Robbie Fowler Exclusive: Managerial career, his best Liverpool manager, and the future
BettingOdds.com sat down with Liverpool legend Robbie Fowler to speak about his managerial career.
Fowler has had three jobs to date, all of which are spread out across three different countries, and he's been heavily linked with a number of EFL jobs throughout the current campaign.
Below, Fowler talked us through his passion for the game, and where he sees his future in the managerial arena.
You’ve been linked with a few EFL jobs this season. Have you been close to taking any, and do you envision the next step of your managerial journey in England?
Hopefully, it is. In this game we’re in I don’t think you ever really know what’s around the corner: that could be being sacked or getting the next job. Once you are actually on the managerial merry-go-round it’s a little bit easier!
What I have been told so far, and I think it’s absolutely ridiculous, is that I’m not really experienced in this country. I can’t understand that. I have managed in three different countries, so you’re learning daily about different teams, cultures, and methods.
It’s not as though I’m new to it. I have every single coaching badge: the highest Pro License you can have.
I’m currently doing an LMA diploma which is level with the Pro License. I think I’ve just got to show people that I’m dedicated to my passion, which is football. I’ve just got to wait. I’ll keep looking, but in all honesty it’s a bit frustrating so if I need to go overseas again, then I’ll do that because I feel as though I’ve got a lot to give.
Speaking of overseas, what did you learn when managing in Australia, Thailand, and India?
Every club is different, every place is different. For example, in my first role in Thailand I had to understand what the players’ needs were. I think that’s football in general, it’s understanding what players can eat, and what they can’t eat.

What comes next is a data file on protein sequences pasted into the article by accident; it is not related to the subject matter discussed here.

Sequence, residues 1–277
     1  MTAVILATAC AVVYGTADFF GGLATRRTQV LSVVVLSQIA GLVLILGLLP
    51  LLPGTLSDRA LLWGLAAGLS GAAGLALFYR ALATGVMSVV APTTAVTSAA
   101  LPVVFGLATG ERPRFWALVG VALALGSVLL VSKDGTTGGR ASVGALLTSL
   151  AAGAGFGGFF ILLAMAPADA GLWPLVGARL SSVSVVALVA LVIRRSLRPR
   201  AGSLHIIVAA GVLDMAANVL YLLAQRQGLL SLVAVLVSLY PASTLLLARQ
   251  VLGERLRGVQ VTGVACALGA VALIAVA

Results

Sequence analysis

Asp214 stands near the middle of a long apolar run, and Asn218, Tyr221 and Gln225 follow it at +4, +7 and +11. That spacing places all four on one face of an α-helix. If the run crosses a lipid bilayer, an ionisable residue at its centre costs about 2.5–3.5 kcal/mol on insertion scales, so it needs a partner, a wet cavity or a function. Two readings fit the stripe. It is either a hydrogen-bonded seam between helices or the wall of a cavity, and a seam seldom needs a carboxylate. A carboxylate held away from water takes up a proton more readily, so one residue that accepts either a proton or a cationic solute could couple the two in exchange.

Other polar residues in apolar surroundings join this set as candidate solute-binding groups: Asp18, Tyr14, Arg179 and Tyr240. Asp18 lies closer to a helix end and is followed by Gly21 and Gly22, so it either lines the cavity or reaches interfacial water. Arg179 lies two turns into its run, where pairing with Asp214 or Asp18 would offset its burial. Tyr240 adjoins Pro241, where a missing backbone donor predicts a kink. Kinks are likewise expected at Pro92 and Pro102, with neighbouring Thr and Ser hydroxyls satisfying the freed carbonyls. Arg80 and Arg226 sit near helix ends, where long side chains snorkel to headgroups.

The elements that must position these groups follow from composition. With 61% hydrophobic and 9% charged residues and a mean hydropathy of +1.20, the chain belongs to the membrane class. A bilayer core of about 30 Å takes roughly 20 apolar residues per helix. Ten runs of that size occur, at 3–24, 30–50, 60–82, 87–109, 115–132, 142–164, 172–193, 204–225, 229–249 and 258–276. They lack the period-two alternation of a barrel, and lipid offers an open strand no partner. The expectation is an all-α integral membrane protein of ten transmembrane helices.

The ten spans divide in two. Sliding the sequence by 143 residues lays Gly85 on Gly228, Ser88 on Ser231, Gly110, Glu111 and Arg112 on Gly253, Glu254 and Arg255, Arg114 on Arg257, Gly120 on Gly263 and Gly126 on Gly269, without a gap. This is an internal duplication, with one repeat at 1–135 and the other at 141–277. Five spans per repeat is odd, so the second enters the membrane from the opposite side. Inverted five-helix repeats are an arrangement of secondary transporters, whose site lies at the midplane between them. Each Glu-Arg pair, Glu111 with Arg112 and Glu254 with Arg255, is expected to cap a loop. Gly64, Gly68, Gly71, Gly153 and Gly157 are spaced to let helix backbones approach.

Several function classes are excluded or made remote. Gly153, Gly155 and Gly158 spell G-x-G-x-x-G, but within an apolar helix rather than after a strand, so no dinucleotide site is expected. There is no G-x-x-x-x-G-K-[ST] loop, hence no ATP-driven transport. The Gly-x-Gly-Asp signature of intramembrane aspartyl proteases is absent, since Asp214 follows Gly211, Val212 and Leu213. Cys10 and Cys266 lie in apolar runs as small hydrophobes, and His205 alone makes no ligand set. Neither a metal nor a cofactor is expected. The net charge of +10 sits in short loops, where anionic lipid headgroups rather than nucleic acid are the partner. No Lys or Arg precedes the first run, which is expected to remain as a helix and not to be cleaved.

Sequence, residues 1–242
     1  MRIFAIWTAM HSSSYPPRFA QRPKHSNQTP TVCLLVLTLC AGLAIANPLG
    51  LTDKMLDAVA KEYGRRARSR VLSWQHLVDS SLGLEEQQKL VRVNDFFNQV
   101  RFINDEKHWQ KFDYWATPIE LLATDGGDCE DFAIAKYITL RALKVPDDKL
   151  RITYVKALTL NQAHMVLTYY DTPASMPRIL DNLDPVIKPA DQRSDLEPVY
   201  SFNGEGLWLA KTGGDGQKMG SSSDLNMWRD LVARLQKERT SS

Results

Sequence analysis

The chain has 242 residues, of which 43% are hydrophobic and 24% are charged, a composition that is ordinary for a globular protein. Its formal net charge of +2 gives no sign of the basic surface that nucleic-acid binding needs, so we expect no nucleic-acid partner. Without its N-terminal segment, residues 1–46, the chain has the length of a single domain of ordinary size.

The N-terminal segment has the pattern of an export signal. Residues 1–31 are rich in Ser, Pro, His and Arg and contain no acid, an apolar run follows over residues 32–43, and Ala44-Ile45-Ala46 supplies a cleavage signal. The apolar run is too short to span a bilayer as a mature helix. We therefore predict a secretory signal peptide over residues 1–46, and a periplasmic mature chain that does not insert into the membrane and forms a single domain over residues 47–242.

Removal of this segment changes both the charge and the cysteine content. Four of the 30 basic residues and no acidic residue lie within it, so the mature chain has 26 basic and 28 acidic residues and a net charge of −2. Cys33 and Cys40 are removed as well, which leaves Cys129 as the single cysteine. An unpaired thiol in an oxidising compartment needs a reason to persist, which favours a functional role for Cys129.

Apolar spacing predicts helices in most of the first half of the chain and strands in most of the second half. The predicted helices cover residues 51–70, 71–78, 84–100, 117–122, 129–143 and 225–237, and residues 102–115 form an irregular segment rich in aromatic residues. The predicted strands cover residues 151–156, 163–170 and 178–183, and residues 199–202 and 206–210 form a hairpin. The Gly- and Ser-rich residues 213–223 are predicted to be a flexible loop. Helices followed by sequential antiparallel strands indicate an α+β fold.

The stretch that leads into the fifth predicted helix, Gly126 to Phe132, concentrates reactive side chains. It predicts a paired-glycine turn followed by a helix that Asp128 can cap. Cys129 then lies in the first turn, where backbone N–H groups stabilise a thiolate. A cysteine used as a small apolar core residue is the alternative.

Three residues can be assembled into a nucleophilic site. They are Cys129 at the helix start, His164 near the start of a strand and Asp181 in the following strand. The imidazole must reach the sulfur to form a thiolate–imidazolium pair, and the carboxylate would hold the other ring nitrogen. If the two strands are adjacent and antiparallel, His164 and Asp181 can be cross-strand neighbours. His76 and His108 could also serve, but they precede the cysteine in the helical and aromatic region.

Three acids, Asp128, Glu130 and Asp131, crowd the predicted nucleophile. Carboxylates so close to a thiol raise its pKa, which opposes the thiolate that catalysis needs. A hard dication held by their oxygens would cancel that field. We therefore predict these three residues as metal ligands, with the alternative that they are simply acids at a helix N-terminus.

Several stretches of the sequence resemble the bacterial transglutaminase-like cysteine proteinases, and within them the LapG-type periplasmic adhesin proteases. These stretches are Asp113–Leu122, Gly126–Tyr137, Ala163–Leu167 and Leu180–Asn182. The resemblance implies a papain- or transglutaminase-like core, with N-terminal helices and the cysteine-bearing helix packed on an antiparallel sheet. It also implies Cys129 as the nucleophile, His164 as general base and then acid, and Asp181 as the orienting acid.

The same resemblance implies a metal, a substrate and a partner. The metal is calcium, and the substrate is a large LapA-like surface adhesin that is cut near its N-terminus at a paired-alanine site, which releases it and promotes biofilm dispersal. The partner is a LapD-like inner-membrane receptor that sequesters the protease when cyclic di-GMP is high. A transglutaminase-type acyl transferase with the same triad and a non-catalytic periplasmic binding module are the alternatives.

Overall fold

We had to stop off at a temple before the games because that’s what the players wanted - it’s a little different to the UK! Over in India and Thailand, culturally it was so different to what you expect over here.
As a manager, you’re always learning and developing, you want to do that little bit more so you’ve got to understand the players’ needs and that’s what it was.
The language barrier was not a problem per se. I learned enough Thai to get me by on the football pitch but not to get by on a lifestyle basis - but I massively enjoyed it.
This is one of the problems I have now where people say I am inexperienced. The experiences I’ve had have put me in good stead for anything that is coming.
You've played under a variety of managers, who has influenced your managerial style the most?
This might surprise a few people actually but it was Roy Evans. For me, he was brilliant. I don’t mean from a technical point of view, I mean from a man management point of view.
I just always felt Roy Evans was a manager I got more satisfaction from because I am a big believer in the man management side of the game. Okay you have to know the technical side or the tactical side of football and you need to be up to date with the modern game, yet nothing can beat a great man manager.
If you’re a great man manager, your players will run a little bit more. You’ve got to create that environment where players enjoy going into the training ground and enjoy being around you. You can’t be that big loud voice every time because the game has changed.
I do understand the technical side and the tactical side, but sometimes players want an arm around their shoulder and players want to be loved. It’s like anyone's job, if your boss is a bit of a dictator and a bit horrible, you’re probably going to do the bare minimum, but if you’ve got a manager who is keeping you motivated, you’ll find people putting in that extra bit of work.
Rafa Benitez and Gerard Houllier were tactically brilliant, however Roy Evans’ man-management was far superior.